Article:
In the study we cited earlier, impact weapons showed only a 45.1% success rate in ending an event the first time they were used. They require the person using them be within contact distance to their attacker and also rely on the physical attributes of the person employing them. Additionally, impact weapons in the hands of untrained private citizens may not be considered as less-than-lethal force by the courts, since a blow to the head with a collapsible baton could be fatal with just one strike. Given their less than 50% success rate and the ease with which they can be used to apply lethal force, impact weapons/collapsible batons may be a poor choice for certain people with an interest in personal safety and less-than-lethal defense weapons.
Conducted energy weapons, more commonly referred to as tasers, can be highly effective (69.1% according to the previously cited study), when employed in the correct circumstances. They have a limited range—with models available to private citizens carrying two shots at most—and their effectiveness may be impacted by certain types of heavy or baggy clothing. Additionally, there appears to be growing concern that when used improperly, tasers can inflict lethal force against their target at a higher rate than other less-than-lethaloptions. While they may be a more effective option than collapsible batons or other alternatives, tasers should probably only be considered after carefully examining factors such as their cost, size, training requirements, and the concerns surrounding the effects of improper use.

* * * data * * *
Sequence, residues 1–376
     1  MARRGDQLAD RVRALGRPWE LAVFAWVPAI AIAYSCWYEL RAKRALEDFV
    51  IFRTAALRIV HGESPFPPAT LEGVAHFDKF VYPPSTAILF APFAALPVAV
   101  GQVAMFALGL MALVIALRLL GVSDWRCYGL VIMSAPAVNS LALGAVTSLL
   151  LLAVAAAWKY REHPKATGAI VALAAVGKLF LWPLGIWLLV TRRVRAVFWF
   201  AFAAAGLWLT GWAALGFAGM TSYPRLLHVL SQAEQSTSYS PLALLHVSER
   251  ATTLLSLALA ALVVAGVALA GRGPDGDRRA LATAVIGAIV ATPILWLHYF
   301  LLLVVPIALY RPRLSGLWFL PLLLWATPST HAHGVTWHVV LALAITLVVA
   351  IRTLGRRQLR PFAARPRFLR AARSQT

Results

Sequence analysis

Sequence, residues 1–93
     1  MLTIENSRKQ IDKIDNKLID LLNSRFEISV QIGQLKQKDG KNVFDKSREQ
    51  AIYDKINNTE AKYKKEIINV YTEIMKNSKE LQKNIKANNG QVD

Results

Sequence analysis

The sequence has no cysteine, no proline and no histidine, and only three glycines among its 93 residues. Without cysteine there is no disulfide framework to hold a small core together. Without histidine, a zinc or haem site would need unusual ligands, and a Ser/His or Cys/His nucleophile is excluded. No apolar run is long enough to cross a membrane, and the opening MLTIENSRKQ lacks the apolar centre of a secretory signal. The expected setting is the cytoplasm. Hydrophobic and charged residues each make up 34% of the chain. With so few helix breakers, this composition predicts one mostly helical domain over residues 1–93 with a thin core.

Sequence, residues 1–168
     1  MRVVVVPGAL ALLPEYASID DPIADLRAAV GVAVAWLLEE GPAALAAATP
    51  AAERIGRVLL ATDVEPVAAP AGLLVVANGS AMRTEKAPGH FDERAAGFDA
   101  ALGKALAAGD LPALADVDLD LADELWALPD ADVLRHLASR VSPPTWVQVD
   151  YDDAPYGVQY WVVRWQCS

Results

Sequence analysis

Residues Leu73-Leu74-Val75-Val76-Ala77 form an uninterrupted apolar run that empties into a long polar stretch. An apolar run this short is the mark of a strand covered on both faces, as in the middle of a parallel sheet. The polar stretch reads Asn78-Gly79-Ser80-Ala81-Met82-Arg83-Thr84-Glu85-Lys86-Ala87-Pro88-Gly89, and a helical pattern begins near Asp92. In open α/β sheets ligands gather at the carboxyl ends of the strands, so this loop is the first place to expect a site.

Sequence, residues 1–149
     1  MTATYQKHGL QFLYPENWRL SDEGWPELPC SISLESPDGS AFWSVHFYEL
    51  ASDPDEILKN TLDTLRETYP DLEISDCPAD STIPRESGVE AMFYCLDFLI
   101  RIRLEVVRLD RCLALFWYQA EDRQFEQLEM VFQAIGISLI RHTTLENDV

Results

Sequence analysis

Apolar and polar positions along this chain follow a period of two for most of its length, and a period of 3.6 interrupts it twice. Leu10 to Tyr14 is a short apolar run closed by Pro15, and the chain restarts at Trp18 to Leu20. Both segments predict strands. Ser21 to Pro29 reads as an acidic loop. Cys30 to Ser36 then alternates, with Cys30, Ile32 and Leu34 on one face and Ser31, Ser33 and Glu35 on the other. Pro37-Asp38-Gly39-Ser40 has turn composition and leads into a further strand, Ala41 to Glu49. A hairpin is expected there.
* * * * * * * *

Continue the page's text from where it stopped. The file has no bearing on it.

Chemical agents, namely pepper spray (OC spray), appear to strike a balance between efficacy, size, cost, and reduced risk to the target. While there are some reports indicating that, in very rare cases, it is possible for pepper spray to be lethal, the vast majority of uses generally result in little to no permanent injury to the target. That is why a quality pepper spray from a reputable company may be a viable option for those interested in less-than-lethal personal defense; again, assuming they are legal in the applicable jurisdiction.
What Self-Defense Weapon Is Easy, Simple, and Effective?
Every self-defense weapon requires some level of training to effectively master. Speaking strictly of less-than-lethal self-defense options, pepper spray, for example, is relatively simple to use effectively while also posing a very low amount of risk of an unintentional application of lethal force.
Whenever you use force (whether “less than lethal” or otherwise) to defend yourself or others, there are risks involved: a risk that the force will be ineffective, and a risk that, despite your best intentions, you will run afoul of the legal system. That is why it’s crucial to educate yourself as much as possible regarding use of force and carry laws in your state. Contact your U.S. LawShield® Independent Program Attorney with any questions you may have about your state’s laws. Remember that, in addition to the tools you select to protect yourself from physical violence, the legal fight after the physical fight can be just as life-altering as any violent encounter. Selecting Legal Defense for Self Defense® coverage is one of the best choices a potential self-defender can make.